RAs, the most common appointment in this department, are hired for 12-months with compensation set on a university-wide basis. The department has a few TAs who assist in instruction, preparing materials, directing labs, grading lab exercises and exams, etc. Special fellowships and scholarships are available for outstanding students. Application instructions may be obtained from the Graduate School website. A graduate student may be employed to assist professors not directly associated with their thesis.

Graduate School Resources

Take advantage of the Graduate School's professional development resources to build skills, thrive academically, and launch your career. 

Program Resources

The Animal Sciences Graduate programs encourage students to develop Individual Development Plans in collaboration with their major advisor to facilitate professional development. Besides the extensive opportunities offered across the campus at large, students in the animal sciences program also benefit from activities and  programs provided by the Animal Science Graduate Student Association, a student-led organization for graduate students at UW–Madison who are interested in animal and dairy science.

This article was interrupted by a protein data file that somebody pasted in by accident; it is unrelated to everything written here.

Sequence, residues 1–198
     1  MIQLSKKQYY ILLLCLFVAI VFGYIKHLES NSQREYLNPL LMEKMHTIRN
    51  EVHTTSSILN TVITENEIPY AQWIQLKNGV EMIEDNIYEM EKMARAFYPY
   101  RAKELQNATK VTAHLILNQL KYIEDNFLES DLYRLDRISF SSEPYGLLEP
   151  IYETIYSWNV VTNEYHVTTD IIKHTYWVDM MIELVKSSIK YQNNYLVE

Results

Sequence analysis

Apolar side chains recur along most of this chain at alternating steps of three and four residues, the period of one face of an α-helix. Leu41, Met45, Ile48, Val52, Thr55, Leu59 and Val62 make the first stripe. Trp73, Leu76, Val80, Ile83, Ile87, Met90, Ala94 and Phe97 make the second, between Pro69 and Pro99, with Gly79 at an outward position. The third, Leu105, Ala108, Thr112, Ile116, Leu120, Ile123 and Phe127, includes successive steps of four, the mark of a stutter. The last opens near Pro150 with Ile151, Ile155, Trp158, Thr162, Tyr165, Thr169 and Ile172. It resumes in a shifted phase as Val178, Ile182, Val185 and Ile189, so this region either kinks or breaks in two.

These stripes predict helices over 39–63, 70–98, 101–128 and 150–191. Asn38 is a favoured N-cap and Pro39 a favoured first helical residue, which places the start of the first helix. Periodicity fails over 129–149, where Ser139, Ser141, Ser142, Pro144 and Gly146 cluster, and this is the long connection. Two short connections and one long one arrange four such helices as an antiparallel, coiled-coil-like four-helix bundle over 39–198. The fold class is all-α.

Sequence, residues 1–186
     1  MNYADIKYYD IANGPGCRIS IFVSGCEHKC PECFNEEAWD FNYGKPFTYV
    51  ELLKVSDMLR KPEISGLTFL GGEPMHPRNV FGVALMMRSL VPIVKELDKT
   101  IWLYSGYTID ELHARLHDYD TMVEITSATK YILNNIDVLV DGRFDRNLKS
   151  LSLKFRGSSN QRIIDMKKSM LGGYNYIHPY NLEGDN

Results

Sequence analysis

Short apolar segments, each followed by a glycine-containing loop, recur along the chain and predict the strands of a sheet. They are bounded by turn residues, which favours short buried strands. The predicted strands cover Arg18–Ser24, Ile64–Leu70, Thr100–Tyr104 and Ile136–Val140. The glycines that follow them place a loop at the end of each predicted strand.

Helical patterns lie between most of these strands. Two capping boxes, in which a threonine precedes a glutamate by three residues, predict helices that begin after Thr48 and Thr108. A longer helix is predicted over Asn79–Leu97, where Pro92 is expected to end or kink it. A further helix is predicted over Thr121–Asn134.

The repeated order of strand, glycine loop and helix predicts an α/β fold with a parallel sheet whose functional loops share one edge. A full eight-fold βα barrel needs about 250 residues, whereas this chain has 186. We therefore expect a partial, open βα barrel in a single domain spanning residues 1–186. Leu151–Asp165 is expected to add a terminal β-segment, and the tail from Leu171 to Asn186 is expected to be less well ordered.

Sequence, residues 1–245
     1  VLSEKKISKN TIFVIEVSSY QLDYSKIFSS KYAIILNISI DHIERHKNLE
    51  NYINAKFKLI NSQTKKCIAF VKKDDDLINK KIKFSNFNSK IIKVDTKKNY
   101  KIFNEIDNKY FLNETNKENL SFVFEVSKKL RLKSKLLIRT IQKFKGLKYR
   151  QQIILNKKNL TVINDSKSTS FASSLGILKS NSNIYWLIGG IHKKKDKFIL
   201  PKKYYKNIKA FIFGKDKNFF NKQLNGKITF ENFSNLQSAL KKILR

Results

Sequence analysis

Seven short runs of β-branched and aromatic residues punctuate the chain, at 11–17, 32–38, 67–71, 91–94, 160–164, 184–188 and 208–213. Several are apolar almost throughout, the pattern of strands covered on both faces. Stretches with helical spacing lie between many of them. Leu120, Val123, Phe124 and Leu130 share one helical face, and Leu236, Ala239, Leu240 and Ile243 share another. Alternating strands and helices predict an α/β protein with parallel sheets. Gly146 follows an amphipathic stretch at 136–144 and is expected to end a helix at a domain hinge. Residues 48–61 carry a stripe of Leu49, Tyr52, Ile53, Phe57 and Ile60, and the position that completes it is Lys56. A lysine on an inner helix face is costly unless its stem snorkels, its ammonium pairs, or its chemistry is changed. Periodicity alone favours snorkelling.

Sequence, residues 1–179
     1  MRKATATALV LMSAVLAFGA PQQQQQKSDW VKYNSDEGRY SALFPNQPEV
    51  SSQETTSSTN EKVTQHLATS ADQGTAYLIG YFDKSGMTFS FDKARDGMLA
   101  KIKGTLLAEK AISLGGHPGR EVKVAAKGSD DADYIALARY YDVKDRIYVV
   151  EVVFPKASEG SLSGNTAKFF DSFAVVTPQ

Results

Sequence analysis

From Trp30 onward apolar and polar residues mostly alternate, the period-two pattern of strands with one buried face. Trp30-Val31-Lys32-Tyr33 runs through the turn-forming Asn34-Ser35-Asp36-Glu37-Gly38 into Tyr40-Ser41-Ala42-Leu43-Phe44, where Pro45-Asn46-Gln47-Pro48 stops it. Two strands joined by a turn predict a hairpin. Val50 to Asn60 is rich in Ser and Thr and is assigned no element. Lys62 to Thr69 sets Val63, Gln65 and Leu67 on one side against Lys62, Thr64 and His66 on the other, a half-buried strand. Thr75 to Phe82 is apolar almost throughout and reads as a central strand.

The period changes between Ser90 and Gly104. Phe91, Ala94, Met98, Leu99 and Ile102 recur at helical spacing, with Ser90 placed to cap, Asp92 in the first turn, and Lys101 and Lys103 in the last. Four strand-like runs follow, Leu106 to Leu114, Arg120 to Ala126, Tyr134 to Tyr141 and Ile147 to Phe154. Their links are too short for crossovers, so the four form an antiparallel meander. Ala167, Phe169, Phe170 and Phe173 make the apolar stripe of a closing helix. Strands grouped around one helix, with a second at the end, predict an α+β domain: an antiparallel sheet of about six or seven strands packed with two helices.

1. Articulates, critiques, or elaborates the theories, research methods, and approaches to inquiry or schools of practice in the field of study.

2. Identifies sources and assembles evidence pertaining to questions or challenges in the field of study.

3. Demonstrates understanding of the primary field of study in a historical, social, and global context.

4. Selects and/or utilizes the most appropriate methodologies and practices.

5. Evaluates or synthesizes information pertaining to questions or challenges in the field of study.

6. Communicates clearly in ways appropriate to the field of study.

7. Recognizes and applies principles of ethical and professional conduct.

Faculty: Professors Crenshaw (chair), Albrecht, Claus, Khatib, Kirkpatrick, Parrish, Reed, Richards, Rosa, Schaefer; Associate Professor Sindelar; Assistant Professor Shanmuganayagam